Watch: How daydreaming can help students to succeed

9th June 2016 at 14:57
Barbara Oakley
Everyone agrees that focus is important for learning, but evidence suggests that an unfocused mind may be just as beneficial. For the 10 June edition of TES, Dr Kat Arney spoke to Professor Barbara Oakley about the art of distraction

When we need to learn something, most of us believe that the best way to do this is to sit down somewhere without distractions and concentrate hard until the knowledge sinks in. But a growing body of evidence suggests that distraction and procrastination are as much a part of how we learn as the ability to focus is.

Barbara Oakley (pictured), professor of engineering at Oakland University in California, is one of the champions of this new school of thought. Oakley runs the world’s most popular Mooc (massive open online course), on the topic of learning how to learn. 

Speaking at the TES-Bedales Leadership Conference earlier this month (see video below), Oakley explained how learning something new could be a frustrating experience.

The solution to this, she says, lies in understanding that there are two modes of thinking: focused attention and the "default" or "diffuse" mode in which your thoughts are allowed to wander.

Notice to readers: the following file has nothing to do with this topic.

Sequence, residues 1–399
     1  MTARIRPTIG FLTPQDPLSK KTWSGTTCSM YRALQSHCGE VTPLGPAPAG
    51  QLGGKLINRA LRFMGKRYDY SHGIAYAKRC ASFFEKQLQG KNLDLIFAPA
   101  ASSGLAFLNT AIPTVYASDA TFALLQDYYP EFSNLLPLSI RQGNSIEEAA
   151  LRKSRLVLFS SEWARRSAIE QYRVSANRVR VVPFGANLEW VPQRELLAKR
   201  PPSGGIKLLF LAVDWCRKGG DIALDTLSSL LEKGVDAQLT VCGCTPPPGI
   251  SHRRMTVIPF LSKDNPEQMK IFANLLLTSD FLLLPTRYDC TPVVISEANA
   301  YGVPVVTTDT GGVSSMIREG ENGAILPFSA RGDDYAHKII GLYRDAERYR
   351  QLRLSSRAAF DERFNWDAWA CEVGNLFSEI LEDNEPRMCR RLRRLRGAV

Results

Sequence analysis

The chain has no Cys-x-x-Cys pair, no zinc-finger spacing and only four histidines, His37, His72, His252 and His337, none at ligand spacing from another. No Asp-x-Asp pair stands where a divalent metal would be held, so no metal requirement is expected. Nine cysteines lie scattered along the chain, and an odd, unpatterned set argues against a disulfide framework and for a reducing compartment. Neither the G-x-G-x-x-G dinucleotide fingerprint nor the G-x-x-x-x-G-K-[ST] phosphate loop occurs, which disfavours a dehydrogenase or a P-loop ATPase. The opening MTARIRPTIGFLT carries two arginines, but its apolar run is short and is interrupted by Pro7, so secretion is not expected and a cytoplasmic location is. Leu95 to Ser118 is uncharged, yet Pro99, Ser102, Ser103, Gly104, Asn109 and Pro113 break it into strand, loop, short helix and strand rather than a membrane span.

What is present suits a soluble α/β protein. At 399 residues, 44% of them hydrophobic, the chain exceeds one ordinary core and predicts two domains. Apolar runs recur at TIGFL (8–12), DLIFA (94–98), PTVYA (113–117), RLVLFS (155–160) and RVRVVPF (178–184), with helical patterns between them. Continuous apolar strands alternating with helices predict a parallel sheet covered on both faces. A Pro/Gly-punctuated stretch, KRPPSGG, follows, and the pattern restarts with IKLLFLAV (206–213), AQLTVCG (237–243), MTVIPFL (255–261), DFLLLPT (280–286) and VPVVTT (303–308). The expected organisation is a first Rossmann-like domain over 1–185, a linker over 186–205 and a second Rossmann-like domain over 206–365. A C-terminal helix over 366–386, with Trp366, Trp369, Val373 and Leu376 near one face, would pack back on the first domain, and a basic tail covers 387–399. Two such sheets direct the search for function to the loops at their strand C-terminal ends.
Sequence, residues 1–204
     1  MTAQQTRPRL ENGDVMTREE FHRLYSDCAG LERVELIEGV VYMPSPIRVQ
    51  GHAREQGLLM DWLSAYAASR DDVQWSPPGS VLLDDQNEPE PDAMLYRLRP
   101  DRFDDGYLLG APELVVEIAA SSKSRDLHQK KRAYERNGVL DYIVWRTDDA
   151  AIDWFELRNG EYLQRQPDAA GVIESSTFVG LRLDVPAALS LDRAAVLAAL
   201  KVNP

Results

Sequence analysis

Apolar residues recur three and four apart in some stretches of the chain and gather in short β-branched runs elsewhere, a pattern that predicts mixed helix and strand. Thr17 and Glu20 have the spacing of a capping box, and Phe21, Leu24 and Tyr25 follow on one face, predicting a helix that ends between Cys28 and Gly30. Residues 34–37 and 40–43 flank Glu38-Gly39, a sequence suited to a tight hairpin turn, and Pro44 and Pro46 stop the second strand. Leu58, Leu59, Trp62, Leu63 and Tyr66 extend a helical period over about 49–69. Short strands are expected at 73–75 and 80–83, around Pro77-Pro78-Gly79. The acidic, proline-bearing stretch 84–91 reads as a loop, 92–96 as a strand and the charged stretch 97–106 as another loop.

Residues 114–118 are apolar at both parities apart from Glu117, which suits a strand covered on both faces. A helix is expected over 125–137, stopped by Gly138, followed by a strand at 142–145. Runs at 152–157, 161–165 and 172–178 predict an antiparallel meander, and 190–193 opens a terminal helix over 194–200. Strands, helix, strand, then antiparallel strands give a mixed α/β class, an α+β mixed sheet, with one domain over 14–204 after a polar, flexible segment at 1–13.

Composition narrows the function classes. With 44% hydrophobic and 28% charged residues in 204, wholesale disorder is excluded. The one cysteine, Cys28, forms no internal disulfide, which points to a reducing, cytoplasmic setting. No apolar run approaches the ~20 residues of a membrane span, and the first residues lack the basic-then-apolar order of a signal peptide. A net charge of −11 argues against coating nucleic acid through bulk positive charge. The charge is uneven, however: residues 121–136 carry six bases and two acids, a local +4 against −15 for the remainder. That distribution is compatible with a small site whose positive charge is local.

"When you focus in on a task that you know how to do, you’re using a certain way of perceiving the world and running certain brain patterns that you are very familiar with," Oakley says. "But this doesn’t work when you’re learning something completely new."

Take a mental step back

To allow our brains to adapt to the unfamiliar patterns needed to perform a new task, we must take a mental step back and call on a more diffuse kind of thought.

"We often fool ourselves, because we think that we only learn something when we are focusing on it," Oakley says. "But actually, if you can manage to get your attention off it and do something else, it will still be going on in the background."

Oakley’s research has clear implications for the classroom. Teachers must build in opportunities for students to think in default mode if they are to give them the best chance possible of learning new material.

However, it is important to stress that this does not mean giving students time to fiddle with their phones. Oakley suggests defined lengths of focused thinking (usually 25 minutes) with breaks in between where students return to a familiar task, listen to music, watch a video, or just indulge in a few minutes of daydreaming.

This is an edited article from the 10 June edition of TES. Subscribers can read the full article here. This week's TES magazine is available in all good newsagents. To download the digital edition, Android users can click here and iOS users can click here

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